30 Days of Blogging, Day 28

What am I doing with my life?

I long for autonomy, so I’m working toward a steady, 9-5 job in my field. But that only gives me financial autonomy. I’m afraid that plan might actually backfire and make me feel even less in control of my own life.

Not that I have a choice in the matter. My wife has been the breadwinner for long enough and she needs a break. The responsibility is wearing on her. I’m not the type to get stressed or feel burdened by financial responsibility, because I come from the privileged position of being able to say, “everything will always be OK. There are plenty of jobs, plenty of ways to make money.”

So if I had a choice in the matter, what would I do to make money? I think I’d love to dabble in dozens of things. Precarious employment is my jam – I’m a multipotentialite and don’t want to be tied down doing the same job day in and day out. I’d want a bigger piece of land to raise chickens and veggies and sell eggs and things at a roadside stand. I’d work as a consultant program evaluator and bring home an irregular paycheque from that. I’d pick up the odd teaching job at a local college. I’d offer workshops on chicken keeping and gardening for suburbanites who want to start on a path of self-sufficiency. I’d raise our kid(s) and cook and clean.

But only one of those things brings the stability that is required of a breadwinner. It seems I’m stuck on this path of using my PhD to do research work for The Man. The Man with benefits and a pension program.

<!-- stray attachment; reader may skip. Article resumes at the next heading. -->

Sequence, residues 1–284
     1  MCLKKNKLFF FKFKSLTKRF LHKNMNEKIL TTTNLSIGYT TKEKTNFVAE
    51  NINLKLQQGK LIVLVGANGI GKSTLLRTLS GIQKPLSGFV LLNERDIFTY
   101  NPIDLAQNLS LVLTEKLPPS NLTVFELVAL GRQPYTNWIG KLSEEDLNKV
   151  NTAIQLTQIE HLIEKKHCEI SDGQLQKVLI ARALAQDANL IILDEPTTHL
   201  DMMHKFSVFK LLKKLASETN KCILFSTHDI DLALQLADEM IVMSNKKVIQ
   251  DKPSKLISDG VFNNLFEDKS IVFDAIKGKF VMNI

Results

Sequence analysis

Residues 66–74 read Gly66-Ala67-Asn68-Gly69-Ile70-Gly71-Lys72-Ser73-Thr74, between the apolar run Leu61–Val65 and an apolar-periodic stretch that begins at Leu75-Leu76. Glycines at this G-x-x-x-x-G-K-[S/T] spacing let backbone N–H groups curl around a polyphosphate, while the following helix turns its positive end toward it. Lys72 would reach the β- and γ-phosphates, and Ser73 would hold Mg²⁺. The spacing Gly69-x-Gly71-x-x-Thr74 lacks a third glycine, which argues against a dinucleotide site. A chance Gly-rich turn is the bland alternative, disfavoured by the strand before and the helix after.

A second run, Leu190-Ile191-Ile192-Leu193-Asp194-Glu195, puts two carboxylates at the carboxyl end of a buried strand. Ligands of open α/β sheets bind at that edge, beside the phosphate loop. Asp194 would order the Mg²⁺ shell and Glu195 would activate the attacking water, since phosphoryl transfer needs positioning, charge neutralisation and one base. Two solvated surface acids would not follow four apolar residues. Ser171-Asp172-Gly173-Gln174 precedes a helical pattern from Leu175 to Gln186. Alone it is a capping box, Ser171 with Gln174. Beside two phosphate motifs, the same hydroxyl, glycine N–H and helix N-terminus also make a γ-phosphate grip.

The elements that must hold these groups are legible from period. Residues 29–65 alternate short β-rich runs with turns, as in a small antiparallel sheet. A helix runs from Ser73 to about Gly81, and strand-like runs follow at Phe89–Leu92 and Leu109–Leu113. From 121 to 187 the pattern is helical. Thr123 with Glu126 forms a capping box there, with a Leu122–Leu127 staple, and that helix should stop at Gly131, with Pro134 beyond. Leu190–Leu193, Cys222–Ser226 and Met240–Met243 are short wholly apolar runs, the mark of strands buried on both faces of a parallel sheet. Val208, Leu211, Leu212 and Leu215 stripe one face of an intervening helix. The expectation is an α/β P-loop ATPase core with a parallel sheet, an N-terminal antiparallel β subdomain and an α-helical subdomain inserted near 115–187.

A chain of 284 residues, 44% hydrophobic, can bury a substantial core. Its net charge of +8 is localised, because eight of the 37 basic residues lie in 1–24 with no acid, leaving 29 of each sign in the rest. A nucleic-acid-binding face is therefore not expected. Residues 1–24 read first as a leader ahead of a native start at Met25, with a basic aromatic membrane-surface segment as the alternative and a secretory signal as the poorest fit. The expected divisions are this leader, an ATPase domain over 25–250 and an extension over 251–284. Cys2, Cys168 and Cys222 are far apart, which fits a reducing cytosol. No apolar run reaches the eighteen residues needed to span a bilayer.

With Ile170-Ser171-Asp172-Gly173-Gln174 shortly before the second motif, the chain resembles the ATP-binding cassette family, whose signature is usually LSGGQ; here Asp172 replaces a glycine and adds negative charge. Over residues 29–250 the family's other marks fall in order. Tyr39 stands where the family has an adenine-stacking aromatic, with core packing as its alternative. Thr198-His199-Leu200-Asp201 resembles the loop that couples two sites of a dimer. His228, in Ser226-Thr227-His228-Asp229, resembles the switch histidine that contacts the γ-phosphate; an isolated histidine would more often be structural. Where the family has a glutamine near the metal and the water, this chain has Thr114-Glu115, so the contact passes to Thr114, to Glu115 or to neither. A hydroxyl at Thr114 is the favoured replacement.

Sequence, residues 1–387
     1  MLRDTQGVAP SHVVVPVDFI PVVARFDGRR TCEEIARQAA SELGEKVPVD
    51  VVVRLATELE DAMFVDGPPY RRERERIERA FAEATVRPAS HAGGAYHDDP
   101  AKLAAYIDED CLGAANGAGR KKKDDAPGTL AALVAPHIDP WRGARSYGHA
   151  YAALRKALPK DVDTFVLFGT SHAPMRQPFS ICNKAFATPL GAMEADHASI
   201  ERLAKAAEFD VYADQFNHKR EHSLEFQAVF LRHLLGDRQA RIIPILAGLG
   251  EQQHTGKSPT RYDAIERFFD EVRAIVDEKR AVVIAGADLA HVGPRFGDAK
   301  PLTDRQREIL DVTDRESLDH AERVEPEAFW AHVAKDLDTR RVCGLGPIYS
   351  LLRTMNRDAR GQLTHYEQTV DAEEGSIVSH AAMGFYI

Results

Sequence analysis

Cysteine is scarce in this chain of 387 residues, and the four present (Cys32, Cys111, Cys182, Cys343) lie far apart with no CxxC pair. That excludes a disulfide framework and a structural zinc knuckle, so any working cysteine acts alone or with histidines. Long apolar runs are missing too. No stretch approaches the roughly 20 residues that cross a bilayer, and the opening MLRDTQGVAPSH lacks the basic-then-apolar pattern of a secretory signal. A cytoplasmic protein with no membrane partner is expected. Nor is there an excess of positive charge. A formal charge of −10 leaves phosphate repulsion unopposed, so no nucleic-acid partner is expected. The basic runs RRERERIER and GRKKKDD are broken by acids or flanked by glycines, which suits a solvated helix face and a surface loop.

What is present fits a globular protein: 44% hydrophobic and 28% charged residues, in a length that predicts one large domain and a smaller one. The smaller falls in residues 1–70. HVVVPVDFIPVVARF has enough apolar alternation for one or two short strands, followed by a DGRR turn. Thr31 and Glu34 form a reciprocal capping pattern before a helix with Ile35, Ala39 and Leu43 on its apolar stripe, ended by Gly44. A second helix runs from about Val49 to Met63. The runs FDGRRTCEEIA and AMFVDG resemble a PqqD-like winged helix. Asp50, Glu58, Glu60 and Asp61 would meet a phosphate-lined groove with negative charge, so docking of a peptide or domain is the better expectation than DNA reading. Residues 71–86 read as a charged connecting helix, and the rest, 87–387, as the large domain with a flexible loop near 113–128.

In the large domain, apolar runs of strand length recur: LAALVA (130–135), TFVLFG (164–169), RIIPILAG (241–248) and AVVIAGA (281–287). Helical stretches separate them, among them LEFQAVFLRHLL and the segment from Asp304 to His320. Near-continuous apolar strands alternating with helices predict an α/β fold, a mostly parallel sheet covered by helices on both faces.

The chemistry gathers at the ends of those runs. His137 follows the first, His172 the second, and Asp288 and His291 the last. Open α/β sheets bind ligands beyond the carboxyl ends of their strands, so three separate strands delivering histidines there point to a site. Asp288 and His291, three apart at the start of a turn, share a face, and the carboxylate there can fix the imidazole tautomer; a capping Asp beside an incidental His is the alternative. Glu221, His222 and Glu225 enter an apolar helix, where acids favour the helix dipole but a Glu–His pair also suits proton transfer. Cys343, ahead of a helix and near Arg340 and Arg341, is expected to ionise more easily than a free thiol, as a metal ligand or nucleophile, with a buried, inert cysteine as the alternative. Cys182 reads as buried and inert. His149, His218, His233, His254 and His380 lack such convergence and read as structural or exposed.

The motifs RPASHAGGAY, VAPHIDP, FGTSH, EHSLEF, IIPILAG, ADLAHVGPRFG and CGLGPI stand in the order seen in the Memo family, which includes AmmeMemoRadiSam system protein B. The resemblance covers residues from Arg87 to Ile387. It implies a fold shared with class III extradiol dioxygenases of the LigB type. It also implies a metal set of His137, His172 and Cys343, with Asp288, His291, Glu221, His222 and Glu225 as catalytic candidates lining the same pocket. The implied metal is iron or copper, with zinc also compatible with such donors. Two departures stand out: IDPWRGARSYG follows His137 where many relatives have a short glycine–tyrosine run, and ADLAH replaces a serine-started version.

I’m just floating along, feeling sorry for myself because I have TOO MANY options, too much privilege, and a self-entitlement that only a millennial could have.

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30 Days of Blogging, Day 27

My sourdough turned out!! From the starter that was born two weeks ago, yesterday we had dough, and today we have bread.

The process was stressful because it was my first try and I didn’t want to F it up. But now that I’ve done it, I can’t wait to make another loaf. It just takes a little planning, and in my case, a babysitter… I started making the dough when Avery was in daycare in the morning, but by the time I needed to knead she was home and napping. Of course she woke up half way through the kneading process and whined, tugging at my legs, for the last 5 minutes before I could set it aside again.

It literally took an entire day, from 9am until 9pm to finish making the dough, even though its just a mix of starter, flour and water. There’s a lot of proofing, folding, waiting, flipping, kneading, and more waiting involved. Then it sat overnight in the fridge for the final proof, and took almost an hour to bake the next morning. It’s a great task for weekends, if only we weren’t away from home on so many of our weekends.